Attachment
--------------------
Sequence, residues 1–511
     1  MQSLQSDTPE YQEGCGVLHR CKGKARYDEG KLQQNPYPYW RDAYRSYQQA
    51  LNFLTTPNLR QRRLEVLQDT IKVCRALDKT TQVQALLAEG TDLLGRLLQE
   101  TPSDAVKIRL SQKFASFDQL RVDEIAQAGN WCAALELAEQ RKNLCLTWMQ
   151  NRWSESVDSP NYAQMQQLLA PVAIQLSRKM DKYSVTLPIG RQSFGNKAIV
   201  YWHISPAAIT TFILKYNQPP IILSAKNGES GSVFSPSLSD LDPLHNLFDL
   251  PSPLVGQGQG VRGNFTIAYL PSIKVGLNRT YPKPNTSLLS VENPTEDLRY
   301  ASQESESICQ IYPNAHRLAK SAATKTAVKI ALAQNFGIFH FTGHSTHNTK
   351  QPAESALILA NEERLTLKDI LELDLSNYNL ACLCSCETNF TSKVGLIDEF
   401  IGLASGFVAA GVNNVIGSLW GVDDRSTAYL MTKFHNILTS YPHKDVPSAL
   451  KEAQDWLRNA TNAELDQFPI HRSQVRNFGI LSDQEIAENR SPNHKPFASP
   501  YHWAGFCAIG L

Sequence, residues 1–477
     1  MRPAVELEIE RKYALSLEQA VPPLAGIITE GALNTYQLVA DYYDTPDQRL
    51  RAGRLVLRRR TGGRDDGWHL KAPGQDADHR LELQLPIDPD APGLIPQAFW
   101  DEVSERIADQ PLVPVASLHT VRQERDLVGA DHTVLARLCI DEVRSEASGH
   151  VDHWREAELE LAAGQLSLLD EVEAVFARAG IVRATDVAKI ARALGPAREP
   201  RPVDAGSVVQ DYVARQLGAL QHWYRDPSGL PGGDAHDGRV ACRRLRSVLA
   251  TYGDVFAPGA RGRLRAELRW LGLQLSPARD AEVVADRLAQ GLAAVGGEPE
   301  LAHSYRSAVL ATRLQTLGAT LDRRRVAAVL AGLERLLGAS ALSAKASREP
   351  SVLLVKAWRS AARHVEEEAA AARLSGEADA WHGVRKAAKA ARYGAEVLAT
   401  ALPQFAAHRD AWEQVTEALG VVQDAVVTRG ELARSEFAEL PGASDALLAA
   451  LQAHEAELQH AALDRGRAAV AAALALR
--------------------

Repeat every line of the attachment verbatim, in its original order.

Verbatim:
Sequence, residues 1–511
     1  MQSLQSDTPE YQEGCGVLHR CKGKARYDEG KLQQNPYPYW RDAYRSYQQA
    51  LNFLTTPNLR QRRLEVLQDT IKVCRALDKT TQVQALLAEG TDLLGRLLQE
   101  TPSDAVKIRL SQKFASFDQL RVDEIAQAGN WCAALELAEQ RKNLCLTWMQ
   151  NRWSESVDSP NYAQMQQLLA PVAIQLSRKM DKYSVTLPIG RQSFGNKAIV
   201  YWHISPAAIT TFILKYNQPP IILSAKNGES GSVFSPSLSD LDPLHNLFDL
   251  PSPLVGQGQG VRGNFTIAYL PSIKVGLNRT YPKPNTSLLS VENPTEDLRY
   301  ASQESESICQ IYPNAHRLAK SAATKTAVKI ALAQNFGIFH FTGHSTHNTK
   351  QPAESALILA NEERLTLKDI LELDLSNYNL ACLCSCETNF TSKVGLIDEF
   401  IGLASGFVAA GVNNVIGSLW GVDDRSTAYL MTKFHNILTS YPHKDVPSAL
   451  KEAQDWLRNA TNAELDQFPI HRSQVRNFGI LSDQEIAENR SPNHKPFASP
   501  YHWAGFCAIG L

Sequence, residues 1–477
     1  MRPAVELEIE RKYALSLEQA VPPLAGIITE GALNTYQLVA DYYDTPDQRL
    51  RAGRLVLRRR TGGRDDGWHL KAPGQDADHR LELQLPIDPD APGLIPQAFW
   101  DEVSERIADQ PLVPVASLHT VRQERDLVGA DHTVLARLCI DEVRSEASGH
   151  VDHWREAELE LAAGQLSLLD EVEAVFARAG IVRATDVAKI ARALGPAREP
   201  RPVDAGSVVQ DYVARQLGAL QHWYRDPSGL PGGDAHDGRV ACRRLRSVLA
   251  TYGDVFAPGA RGRLRAELRW LGLQLSPARD AEVVADRLAQ GLAAVGGEPE
   301  LAHSYRSAVL ATRLQTLGAT LDRRRVAAVL AGLERLLGAS ALSAKASREP
   351  SVLLVKAWRS AARHVEEEAA AARLSGEADA WHGVRKAAKA ARYGAEVLAT
   401  ALPQFAAHRD AWEQVTEALG VVQDAVVTRG ELARSEFAEL PGASDALLAA
   451  LQAHEAELQH AALDRGRAAV AAALALR